Keratoconus, GPA, and Infectious Diseases such as Covid-19

An autoimmune disorder called GPA (or Granulomatosis with polyangiitis) can affect the eyes. While the most common symptoms are respiratory, the inflamed blood vessels featured in GPA can cause eye pain and blurred vision. Formerly called Wegener’s Granulomatosis, GPA can occur following an infectious disorder and/or toxic environmental exposure (according to the National Organization for Rare Disorders). If you have keratoconus, developing GPA can worsen your keratoconus symptoms.

What is GPA and How Does it Differ From Other Autoimmune Disorders?

Autoimmune disorders are featured by an immune system that mistakenly attacks the body’s own organs instead of resisting invading particles (e.g., germs). In contrast to most other autoimmune disorders – that cause inflammation affecting particular parts of the body (e.g., joints or intestinal tract)  – GPA is characterized by inflammation of small and medium-sized blood vessels (termed vasculitis).

An article in Ophthalmology and Therapy in 2019 reported that ocular and orbital eye manifestations are common in almost half of patients with GPA. Moreover, this article also notes that vasculitis in the eye can be the initial symptom of GPA, and that corneal involvement is common in people with GPA who have ocular vasculitis.

Since bacterial and viral infections – such as infection with the Covid-19 coronavirus – can trigger the onset of GPA (which is often featured by rapidly-progressive nasal congestion and coughing), an awareness of the symptoms of this potentially life-threatening disorder is important during this pandemic.

How Vasculitis Can Impact Vision in Someone with Keratoconus

Cornea pain is common in people with moderate-to-severe keratoconus, and many keratoconus-afflicted people experience seeing a “halo” around objects that interferes with driving a motor vehicle. Three of the most common symptoms for anyone with vasculitis affecting the eyes are redness, a sensitivity to light, and eye pain. Therefore, the vasculitis associated with GPA – if existent in the eyes – can both damage the cornea and worsen overall eyesight. Since someone with moderate-to-severe keratoconus is already at heightened risk for legal-blindness, a diagnosis of GPA can increase the risk of progressing to legal-blindness.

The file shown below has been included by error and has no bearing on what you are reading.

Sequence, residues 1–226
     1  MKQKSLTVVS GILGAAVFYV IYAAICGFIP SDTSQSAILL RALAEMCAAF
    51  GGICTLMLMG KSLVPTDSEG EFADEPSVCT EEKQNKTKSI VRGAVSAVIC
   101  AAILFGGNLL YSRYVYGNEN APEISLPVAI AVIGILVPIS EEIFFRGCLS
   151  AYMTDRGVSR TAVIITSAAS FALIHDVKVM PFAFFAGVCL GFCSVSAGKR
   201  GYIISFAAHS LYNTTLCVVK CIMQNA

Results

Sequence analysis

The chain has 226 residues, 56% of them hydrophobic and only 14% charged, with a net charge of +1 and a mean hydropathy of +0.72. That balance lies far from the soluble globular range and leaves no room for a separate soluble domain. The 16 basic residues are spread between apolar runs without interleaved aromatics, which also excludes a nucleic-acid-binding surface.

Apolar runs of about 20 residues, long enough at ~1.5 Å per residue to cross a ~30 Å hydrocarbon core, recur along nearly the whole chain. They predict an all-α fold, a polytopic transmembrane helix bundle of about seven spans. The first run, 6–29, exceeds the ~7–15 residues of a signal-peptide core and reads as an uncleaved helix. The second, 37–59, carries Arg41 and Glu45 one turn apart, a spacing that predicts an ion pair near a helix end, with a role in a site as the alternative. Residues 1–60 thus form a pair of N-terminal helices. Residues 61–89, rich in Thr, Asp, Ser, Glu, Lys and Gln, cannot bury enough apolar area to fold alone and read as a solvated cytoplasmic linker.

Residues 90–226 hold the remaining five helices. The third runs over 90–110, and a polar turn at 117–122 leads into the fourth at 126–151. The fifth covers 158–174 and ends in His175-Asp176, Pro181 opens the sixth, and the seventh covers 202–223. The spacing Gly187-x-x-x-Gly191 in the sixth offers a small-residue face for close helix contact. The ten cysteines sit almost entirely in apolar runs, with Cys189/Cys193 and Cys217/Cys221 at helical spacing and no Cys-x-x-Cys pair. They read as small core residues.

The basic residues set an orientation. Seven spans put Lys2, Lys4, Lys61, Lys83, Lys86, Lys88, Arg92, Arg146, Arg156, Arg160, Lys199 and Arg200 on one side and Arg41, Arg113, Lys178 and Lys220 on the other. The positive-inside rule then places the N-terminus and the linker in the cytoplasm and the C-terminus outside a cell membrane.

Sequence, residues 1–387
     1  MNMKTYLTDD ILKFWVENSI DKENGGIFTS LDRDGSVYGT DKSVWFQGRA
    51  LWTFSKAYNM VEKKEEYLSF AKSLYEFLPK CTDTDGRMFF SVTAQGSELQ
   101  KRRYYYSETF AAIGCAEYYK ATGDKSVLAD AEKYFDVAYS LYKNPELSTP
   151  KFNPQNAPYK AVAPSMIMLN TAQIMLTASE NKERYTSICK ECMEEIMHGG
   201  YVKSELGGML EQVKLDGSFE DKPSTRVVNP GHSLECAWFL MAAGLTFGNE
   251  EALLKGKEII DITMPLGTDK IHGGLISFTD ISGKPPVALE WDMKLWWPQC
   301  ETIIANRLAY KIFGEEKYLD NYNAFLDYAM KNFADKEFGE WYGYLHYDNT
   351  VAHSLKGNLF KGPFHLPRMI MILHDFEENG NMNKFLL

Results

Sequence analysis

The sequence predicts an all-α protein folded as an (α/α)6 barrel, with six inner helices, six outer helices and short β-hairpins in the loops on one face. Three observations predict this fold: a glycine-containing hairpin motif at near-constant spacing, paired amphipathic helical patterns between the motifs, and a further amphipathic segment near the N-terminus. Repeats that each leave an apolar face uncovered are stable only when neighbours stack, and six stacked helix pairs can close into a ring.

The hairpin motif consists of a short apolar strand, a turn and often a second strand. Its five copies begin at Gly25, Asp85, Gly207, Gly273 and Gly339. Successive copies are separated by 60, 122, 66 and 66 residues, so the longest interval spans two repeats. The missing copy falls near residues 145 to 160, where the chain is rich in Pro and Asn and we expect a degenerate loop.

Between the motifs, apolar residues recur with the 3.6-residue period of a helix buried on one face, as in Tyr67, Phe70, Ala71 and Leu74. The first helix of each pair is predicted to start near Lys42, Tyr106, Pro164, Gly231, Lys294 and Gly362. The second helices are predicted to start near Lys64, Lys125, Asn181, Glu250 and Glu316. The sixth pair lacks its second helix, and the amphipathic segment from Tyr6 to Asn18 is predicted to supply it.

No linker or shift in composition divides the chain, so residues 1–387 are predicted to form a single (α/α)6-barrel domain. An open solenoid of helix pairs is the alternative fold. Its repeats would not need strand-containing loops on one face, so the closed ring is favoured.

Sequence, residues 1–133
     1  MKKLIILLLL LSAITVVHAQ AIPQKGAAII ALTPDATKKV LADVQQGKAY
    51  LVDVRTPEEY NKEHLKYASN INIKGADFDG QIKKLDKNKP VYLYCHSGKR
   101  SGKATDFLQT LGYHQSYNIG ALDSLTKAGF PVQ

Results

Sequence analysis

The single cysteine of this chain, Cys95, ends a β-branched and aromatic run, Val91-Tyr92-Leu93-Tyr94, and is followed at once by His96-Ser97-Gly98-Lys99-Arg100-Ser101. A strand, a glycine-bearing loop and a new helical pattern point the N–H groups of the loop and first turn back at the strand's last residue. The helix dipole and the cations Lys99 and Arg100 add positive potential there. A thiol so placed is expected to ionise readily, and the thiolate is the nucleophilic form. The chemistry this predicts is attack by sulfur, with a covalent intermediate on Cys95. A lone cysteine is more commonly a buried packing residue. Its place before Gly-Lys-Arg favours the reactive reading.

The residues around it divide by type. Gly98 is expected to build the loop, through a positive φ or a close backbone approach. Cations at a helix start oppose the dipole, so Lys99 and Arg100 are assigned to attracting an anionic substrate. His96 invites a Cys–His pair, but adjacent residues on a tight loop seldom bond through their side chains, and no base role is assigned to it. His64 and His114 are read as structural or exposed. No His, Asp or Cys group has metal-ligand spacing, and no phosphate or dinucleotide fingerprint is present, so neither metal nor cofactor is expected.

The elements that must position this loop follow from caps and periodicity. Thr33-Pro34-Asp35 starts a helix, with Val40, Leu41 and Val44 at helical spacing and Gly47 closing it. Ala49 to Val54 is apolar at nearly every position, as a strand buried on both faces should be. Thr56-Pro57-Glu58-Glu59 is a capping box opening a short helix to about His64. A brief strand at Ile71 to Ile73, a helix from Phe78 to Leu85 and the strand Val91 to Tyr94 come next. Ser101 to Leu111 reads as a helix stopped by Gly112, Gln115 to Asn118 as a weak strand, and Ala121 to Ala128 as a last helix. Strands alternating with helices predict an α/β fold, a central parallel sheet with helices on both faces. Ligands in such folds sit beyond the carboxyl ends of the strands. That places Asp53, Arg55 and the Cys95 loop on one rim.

Keratoconus Treatment Center Locations

Prevalence of GPA in US Population

The prevalence of GPA in the US prior to the Covid-19 pandemic was considered to be three cases per 100,000 people. GPA also primarily affects people of Caucasian ancestry, and people between the ages of 40-60. Furthermore, people with underlying chronic disorders (e.g., diabetes) appear to be more at risk for developing GPA after a bacterial or viral infection. Overall, this autoimmune disorder has been considered extremely rare. However, unusual inflammatory responses have been identified in people who have survived severe Covid-19 infections (involving placement on a ventilator to rest the lungs during an ICU hospitalization).

The symptoms of GPA can be mild at first, but tend to progress over the course of a year. Meanwhile, the primary diagnostic tools for GPA are the following (per the National Institutes of Health’s National Center for Advancing Translational Research):

  • Blood tests (including an ANCA test);
  • Biopsy of affected area(s);
  • Imaging of the lungs (e.g., MRI of the lungs)

The earlier that a GPA diagnosis is confirmed, the earlier medication treatment can commence to enable its remission.

If you are a keratoconus-afflicted person who is experiencing increased corneal pain and sensitivity to light, please do not delay phoning a professional at the Precision Keratoconus Center to discuss your symptoms.